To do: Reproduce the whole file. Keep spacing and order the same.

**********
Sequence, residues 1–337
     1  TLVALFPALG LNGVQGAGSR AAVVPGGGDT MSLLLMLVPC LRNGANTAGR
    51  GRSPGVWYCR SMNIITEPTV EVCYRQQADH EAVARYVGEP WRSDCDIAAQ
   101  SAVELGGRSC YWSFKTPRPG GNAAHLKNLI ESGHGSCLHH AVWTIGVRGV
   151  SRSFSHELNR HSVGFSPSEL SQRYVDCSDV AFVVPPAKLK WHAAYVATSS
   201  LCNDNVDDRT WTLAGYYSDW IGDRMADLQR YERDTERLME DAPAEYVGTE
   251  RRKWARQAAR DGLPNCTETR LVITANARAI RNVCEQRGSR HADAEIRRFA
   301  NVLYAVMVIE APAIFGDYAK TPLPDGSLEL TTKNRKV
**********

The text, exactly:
Sequence, residues 1–337
     1  TLVALFPALG LNGVQGAGSR AAVVPGGGDT MSLLLMLVPC LRNGANTAGR
    51  GRSPGVWYCR SMNIITEPTV EVCYRQQADH EAVARYVGEP WRSDCDIAAQ
   101  SAVELGGRSC YWSFKTPRPG GNAAHLKNLI ESGHGSCLHH AVWTIGVRGV
   151  SRSFSHELNR HSVGFSPSEL SQRYVDCSDV AFVVPPAKLK WHAAYVATSS
   201  LCNDNVDDRT WTLAGYYSDW IGDRMADLQR YERDTERLME DAPAEYVGTE
   251  RRKWARQAAR DGLPNCTETR LVITANARAI RNVCEQRGSR HADAEIRRFA
   301  NVLYAVMVIE APAIFGDYAK TPLPDGSLEL TTKNRKV